LaMarcus Aldridge, stuffed by a white dude.
  • AP
  • LaMarcus Aldridge, stuffed by a white dude.

In losing to the New Orleans Hornets on Friday night, the Portland Trail Blazers looked horrific. But that happens, no team can waltz through an 82 game season without a few lackadaisical nights of subpar performances, right? But the Blazers 97-78 defeat was more than just an off-night, instead it was a sign of something seriously wrong with the team. That defeat was arguably the worst the team has endured since Brandon Roy's rookie year in 2006-07, and it proved that where the Blazers are at right now is a very bad place to be.

This point was hammered home last night when the Blazers traveled to New Jersey and were toppled by the lowly Nets by a score of 98-96—in front of a Kardashian sitting courtside, no less. The loss was so bad the team held a players-only meeting, where they either yelled at each other for awhile and/or addressed their issues through repeat trust falls and a book on tape of Tony Robbins' Unlimited Power.

I'm usually one to fall on the side of reason above irrationality, but Blazers fans you should be panicking right about now. Nate McMillan's plodding offense has always been tough on the eyes, but now his unimaginative playbook resembles a stalled vehicle stuck on the tracks. The return of Brandon Roy—a very tender on the knees, should probably not be playing Brandon Roy—has been more curse than blessing, as Portland's offense set is now wildly inconsistent, often going minutes at a time without scoring or coming anywhere near the basket. It's difficult to disparage the saintly Roy, who has carried this team on his back since that 06-07 season, but McMillan's myopic insistence to play him out of obligation has severely damaged this team's hopes of making the postseason.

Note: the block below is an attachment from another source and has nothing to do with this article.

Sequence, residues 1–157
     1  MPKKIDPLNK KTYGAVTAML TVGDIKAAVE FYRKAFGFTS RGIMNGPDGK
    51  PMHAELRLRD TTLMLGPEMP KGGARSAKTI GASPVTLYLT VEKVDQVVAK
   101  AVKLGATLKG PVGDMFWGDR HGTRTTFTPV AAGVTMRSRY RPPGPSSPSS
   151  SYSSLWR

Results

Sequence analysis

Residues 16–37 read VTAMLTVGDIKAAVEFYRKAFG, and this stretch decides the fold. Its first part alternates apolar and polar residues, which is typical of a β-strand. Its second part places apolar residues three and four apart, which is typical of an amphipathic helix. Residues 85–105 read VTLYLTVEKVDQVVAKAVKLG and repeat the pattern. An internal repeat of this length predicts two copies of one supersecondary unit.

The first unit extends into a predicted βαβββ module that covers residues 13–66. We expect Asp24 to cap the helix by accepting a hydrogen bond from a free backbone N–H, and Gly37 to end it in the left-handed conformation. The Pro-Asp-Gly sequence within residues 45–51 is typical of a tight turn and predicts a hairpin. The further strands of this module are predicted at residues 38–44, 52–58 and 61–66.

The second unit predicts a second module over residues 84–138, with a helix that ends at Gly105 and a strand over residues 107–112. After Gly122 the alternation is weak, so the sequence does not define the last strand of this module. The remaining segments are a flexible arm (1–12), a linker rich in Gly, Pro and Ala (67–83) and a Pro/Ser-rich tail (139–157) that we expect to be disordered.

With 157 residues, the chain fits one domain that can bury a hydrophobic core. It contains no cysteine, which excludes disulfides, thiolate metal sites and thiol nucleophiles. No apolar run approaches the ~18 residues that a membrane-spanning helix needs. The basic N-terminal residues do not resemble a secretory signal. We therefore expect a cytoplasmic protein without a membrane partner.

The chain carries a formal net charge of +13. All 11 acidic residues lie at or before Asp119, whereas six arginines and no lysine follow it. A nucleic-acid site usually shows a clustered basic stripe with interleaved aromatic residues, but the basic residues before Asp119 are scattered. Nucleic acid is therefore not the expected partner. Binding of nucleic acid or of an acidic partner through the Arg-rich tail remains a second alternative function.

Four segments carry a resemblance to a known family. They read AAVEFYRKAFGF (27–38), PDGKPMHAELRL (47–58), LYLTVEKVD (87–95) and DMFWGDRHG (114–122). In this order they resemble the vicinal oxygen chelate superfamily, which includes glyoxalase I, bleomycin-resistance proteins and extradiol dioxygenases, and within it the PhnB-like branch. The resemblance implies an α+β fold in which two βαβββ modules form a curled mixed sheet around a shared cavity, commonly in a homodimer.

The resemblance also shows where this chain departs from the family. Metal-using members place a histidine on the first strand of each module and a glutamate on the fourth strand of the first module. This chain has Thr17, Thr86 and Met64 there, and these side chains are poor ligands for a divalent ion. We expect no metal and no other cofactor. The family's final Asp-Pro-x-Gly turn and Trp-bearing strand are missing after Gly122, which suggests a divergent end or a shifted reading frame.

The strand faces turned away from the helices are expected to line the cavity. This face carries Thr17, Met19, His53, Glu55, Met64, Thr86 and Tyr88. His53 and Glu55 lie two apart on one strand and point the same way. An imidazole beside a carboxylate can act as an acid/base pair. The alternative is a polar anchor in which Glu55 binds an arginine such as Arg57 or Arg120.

The Blazers travels to Philadelphia tomorrow to play the 76ers, the worst team in the Eastern Conference. If they drop that game—which would be their fourth in a row—look for plenty more closed-door meetings and things to get much worse before they get better.